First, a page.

NEW YORK (Reuters) - Danielle Faust, 33, is six weeks into wearing braces to fix her crooked teeth and is pretty happy about the process, but not the price. While the $5,000 for Invisalign clear aligners in South Florida where she is a freelance writer is $1,000 less than a friend is paying in New York, she is kicking herself because she missed out on a Groupon that would have saved her even more.
Parents often blanch at the price tag of braces for their children but count it as a known cost of raising offspring. When it comes to their own teeth, however, adults are a lot more cautious about the money involved. Using braces to fix dental problems such as crooked teeth or bite problems can cost between $3,000 and $7,000, depending on the treatment options and where you live.
The number of American adults over 18 sporting some form of a “brace face” is roughly 1.2 million, or 20 percent of the 5.9 million patients orthodontia patients nationwide, according to the American Association of Orthodontists. That is up from 875,000 adult patients in 1989.
“Adults are very careful. They are making the investment, and they want to make sure they are getting their money’s worth,” says Dr. Morris Poole, president of the AAO and a practicing orthodontist in Logan, Utah.
Most orthodontists charge a flat fee based on the duration and complexity of the case. Retainers and some follow-up care are usually included, says Poole.
As costs vary greatly, it pays to shop around. “Most will do a no-charge consultation,” says Dr. David Bonebreak, who participates in two orthodontic practices near Howard County, Maryland. If you like an expensive doctor more than others with cheaper plans, he suggests asking for price matching.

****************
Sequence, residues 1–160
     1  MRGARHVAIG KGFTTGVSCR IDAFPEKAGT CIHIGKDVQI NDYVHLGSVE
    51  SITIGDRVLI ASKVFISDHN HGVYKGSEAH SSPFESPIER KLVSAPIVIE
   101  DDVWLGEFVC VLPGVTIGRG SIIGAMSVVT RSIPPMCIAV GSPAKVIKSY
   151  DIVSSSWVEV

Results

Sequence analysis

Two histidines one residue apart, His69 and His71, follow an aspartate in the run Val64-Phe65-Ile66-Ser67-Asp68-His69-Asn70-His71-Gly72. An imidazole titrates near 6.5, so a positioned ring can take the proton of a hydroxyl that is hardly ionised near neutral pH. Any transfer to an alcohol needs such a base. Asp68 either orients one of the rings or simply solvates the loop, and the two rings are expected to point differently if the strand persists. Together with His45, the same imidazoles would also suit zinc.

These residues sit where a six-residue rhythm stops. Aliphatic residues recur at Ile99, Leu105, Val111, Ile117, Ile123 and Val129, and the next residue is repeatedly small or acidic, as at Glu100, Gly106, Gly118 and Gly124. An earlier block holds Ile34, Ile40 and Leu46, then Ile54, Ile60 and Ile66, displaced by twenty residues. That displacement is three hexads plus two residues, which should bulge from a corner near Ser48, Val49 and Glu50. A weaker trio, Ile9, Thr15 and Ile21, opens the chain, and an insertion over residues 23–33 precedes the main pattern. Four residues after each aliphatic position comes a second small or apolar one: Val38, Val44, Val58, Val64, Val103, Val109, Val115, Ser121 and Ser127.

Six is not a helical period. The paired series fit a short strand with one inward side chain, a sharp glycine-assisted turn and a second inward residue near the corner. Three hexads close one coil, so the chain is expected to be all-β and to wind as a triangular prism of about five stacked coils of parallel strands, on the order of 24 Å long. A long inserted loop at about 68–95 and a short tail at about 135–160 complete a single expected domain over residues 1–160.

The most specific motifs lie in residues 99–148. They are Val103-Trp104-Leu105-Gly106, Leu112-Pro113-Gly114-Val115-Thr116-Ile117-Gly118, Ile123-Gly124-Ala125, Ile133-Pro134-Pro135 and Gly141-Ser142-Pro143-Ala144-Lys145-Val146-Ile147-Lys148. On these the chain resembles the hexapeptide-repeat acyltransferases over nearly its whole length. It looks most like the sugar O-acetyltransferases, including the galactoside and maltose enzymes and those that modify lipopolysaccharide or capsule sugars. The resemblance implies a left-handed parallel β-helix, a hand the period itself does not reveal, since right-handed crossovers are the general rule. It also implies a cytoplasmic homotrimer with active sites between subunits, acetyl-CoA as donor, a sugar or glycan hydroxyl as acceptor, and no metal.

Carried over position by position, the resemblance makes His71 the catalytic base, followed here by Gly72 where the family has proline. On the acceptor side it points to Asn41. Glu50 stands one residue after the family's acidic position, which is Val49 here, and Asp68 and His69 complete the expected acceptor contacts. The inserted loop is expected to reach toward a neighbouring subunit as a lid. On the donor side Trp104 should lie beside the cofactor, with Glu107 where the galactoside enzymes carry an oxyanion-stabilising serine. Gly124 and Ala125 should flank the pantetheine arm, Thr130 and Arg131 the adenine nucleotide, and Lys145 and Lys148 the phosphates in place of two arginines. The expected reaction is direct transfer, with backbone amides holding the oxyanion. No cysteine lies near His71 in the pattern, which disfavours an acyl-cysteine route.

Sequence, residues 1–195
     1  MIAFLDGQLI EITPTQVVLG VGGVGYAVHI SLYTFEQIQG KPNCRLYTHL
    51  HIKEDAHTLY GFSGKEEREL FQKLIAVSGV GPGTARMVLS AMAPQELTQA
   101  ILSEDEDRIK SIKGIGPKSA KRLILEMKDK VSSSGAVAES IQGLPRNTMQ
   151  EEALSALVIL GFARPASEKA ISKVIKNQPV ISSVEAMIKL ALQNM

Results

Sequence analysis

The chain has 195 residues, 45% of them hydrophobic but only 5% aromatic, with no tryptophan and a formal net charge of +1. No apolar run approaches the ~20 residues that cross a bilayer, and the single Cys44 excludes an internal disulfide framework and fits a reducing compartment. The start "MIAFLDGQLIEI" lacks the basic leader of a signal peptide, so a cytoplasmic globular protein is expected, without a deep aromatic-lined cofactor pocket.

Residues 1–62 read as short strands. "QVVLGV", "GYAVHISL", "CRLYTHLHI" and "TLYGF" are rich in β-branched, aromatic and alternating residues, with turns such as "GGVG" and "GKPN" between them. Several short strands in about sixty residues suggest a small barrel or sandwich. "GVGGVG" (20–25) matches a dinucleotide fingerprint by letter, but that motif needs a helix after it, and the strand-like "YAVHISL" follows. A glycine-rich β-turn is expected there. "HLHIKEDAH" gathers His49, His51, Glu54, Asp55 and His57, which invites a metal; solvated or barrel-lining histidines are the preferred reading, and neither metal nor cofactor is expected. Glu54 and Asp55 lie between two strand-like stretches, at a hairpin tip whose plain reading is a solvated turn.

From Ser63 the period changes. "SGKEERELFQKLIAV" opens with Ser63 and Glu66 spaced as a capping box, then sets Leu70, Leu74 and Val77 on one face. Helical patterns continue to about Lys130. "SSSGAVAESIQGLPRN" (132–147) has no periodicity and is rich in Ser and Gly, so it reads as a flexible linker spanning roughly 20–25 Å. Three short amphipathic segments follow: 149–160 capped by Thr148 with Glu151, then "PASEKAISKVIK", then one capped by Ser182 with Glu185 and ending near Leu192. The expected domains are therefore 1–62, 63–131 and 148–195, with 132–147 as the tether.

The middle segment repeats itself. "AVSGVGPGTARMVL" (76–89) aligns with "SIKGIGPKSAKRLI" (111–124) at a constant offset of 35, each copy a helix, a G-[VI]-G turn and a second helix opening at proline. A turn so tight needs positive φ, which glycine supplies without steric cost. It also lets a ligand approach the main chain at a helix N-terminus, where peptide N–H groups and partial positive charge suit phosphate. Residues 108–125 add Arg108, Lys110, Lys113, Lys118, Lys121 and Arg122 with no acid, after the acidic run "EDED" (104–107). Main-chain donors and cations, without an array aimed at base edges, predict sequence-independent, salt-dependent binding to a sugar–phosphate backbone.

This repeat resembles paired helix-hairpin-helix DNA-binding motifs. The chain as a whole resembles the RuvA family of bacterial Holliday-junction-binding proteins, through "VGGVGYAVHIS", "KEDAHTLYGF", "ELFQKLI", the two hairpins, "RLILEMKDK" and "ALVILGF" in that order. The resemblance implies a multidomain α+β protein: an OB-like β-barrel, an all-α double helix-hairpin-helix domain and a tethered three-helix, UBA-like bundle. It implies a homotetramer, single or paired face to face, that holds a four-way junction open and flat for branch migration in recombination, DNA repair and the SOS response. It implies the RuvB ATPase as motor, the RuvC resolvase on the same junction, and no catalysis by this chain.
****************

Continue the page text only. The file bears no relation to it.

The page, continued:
Katrina Morrison, a 38-year-old mom of three from Atlanta who works as a flight attendant for Delta Airlines, went to three different orthodontists for consultations and ended up going with the mid-priced one.
The more expensive option required a massive down payment of $1,000. The cheaper option was a discount chain that charged $99 a month, but did not offer a dedicated doctor with each visit.
“I really wanted that personalized service,” Morrison says.
One way that Morrison saved money was by working all the breaks - the most significant being a family discount since she used the same orthodontist as her children. She also was able to pay upfront some of the $4,500 total cost and work out a payment plan over 20 months for the rest.
Morrison’s dental insurance covered 50 percent of her costs, but Faust’s insurance would not cover any of her Invisalign because it was considered cosmetic. If she had gone for traditional braces, it would have covered $2,000, but that would have been a lifetime benefit. Slightly less than half of the patients Poole sees have any sort of dental coverage at all, he says.
Rachel Teodoro, a 36-year-old mom and blogger from Seattle, Washington, was able to get some discounts by paying the $6,500 charge upfront and in cash, which she was able to do because her family had socked away money in their Health Savings Account.
“It makes sense to fund it, because it’s not taxed - and it’s a smart financial move,” Teodoro says.
The biggest cost-saver for braces: Wear your retainer. The best way to avoid future costs is to stick with the maintenance program.
“I would never let my teeth go again,” Morrison says. She just got her braces off in early July and is now facing a long run of wearing top and bottom retainers - replacements cost $250 a pop. “I’m always on the go, I’ve told myself I’ve got to hold onto these things,” she says.
Editing by Lauren Young and Andrew Hay